Wednesday, 25 May, 2022
HomeReportRam Rahim convicted: Haryana’s poor law and order record faces another harsh...

Ram Rahim convicted: Haryana’s poor law and order record faces another harsh test

Text Size:

The state’s effectiveness to deal with such a situation is under scrutiny, given Haryana’s reputation as a “soft” government incapable of handling law and order with an iron fist.

Haryana’s controversial godman, Baba Gurmeet Ram Rahim, was convicted Friday in a rape case by a CBI court in Panchkula. While in most cases, the exercise is a mere formality, given Ram Rahim’s massive following, it has become a law and order concern for Punjab and Haryana.

Besides the large number of Dera followers who gathered in Panchkula, in Punjab and Haryana they have gathered in naam charcha ghars, the places of congregation of the dera. According to Punjab police at some places they are are carrying weapons and petrol.

Consequently, unprecedented measures are being taken by the authorities should the supporters turn violent in the wake of an adverse order from the court.

For Haryana, in particular, the preparations go beyond maintaining law and order. What is under scrutiny is the state’s effectiveness to deal with such a situation, given Haryana’s reputation as a “soft” government incapable of handling law and order situations with an iron fist.

Last year, Chief Minister Manohar Lal Khattar watched meekly as Jat protesters demanding reservation agitated for days, openly looting and indulging in arson. While the police was on high alert even then and the army was called in, there was a virtual collapse of state machinery. 30 people died in three days in protest related violence.

Taking up a PIL over security arrangements in place for Ram Rahim’s appearance Thursday, the Punjab and Haryana High Court also flayed Haryana over its laxity in handling such situations.

The court observed that the state government had not learnt any lessons from last year’s jat reservation violence and allowed lakhs of dera supporters to gather in Panchkula.

During the course of the hearing, Panchkula police admitted that orders under section 144 of the CrPC that banned gathering of five or more persons had not been imposed till Thursday evening. “You are befooling the people in that case,” said acting chief justice S S Saron.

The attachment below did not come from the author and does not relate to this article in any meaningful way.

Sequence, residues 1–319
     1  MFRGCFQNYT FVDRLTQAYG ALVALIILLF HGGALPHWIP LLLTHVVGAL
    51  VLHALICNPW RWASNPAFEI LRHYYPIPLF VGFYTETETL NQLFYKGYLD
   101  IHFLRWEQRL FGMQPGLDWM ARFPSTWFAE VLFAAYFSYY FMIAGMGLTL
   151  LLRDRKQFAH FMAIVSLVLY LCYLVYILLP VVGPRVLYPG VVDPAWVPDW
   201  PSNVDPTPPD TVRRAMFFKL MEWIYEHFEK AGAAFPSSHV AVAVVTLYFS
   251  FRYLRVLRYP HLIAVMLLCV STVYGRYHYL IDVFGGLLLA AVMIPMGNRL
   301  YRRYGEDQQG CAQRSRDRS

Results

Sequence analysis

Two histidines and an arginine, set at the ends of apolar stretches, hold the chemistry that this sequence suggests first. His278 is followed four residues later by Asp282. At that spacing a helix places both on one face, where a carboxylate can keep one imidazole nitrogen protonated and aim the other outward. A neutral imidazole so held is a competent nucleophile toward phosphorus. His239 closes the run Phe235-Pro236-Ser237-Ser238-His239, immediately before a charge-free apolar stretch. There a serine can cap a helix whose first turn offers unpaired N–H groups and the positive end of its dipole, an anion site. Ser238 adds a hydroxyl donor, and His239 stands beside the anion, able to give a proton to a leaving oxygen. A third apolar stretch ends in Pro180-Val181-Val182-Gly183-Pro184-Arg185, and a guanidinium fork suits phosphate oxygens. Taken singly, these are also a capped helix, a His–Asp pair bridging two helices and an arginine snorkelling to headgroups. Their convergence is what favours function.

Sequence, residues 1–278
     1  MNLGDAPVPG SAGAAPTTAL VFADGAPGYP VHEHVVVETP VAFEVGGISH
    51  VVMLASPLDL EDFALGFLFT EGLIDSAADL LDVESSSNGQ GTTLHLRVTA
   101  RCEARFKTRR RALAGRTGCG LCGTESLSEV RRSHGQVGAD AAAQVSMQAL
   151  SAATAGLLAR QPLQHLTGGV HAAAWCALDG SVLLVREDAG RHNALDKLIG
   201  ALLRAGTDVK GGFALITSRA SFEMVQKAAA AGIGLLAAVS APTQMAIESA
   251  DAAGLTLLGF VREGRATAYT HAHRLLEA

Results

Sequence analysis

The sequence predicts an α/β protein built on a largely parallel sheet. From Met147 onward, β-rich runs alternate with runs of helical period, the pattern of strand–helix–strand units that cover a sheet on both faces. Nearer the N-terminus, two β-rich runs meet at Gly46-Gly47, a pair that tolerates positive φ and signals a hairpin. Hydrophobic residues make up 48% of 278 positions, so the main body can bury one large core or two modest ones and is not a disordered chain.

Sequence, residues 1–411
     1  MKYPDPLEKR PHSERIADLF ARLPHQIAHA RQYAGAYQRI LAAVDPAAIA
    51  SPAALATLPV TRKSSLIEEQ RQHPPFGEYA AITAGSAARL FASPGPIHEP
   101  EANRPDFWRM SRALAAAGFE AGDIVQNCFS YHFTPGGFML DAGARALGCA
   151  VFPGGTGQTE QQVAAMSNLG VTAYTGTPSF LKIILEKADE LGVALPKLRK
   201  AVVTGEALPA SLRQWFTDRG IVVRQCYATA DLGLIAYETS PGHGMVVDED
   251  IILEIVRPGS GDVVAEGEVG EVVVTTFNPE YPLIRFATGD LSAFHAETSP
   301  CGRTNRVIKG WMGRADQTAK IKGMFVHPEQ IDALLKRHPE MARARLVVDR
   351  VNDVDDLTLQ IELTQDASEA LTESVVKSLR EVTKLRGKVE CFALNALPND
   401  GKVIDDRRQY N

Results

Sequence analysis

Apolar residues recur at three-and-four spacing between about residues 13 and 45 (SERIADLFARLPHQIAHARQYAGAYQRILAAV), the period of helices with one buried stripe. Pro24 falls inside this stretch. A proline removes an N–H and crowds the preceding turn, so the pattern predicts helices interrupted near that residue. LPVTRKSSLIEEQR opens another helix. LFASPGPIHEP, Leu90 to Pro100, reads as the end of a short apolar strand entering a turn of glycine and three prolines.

The state police got into a huddle late evening trying to set things right following High Court’s dressing down.

In 2014, when the Khattar government had just taken over, it faced a similar challenge. Baba Rampal, the head of the Satlok Ashram in Hisar, was summoned by the High Court in a contempt case. Rampal, who refused to abide by the court orders, remained holed up in his fortified ashram, even while non-bailable warrants were issued against him. The Haryana government had even then shown little promptness in handling the crisis, expressing its inability to arrest him immediately given the possibility of law and order disruption.

It is only when the home secretary and DGP were asked to appear in the court and directed that Rampal be arrested forthwith, did the government budge from its stand. A week-long violent standoff between the police and Dera supporters followed after which Rampal was finally arrested. Six persons were killed during the pitched battle.

In Punjab, the situation is tense because there is a possibility of Sikh bodies taking on Dera supporters should they get violent. Tensions among Dera followers and Sikhs have simmered for ten years, and clashes between the two are not uncommon. The latest confrontation took place less than a month ago when 14 Sikh radicals who tried to disrupt a Dera congregation in Patiala were arrested.

Editor’s Note: The first paragraph of the article was updated to reflect the conviction of the Gurmeet Ram Rahim Singh in the rape case. 

Subscribe to our channels on YouTube & Telegram

Why news media is in crisis & How you can fix it

India needs free, fair, non-hyphenated and questioning journalism even more as it faces multiple crises.

But the news media is in a crisis of its own. There have been brutal layoffs and pay-cuts. The best of journalism is shrinking, yielding to crude prime-time spectacle.

ThePrint has the finest young reporters, columnists and editors working for it. Sustaining journalism of this quality needs smart and thinking people like you to pay for it. Whether you live in India or overseas, you can do it here.

Support Our Journalism


Comments are closed.

Most Popular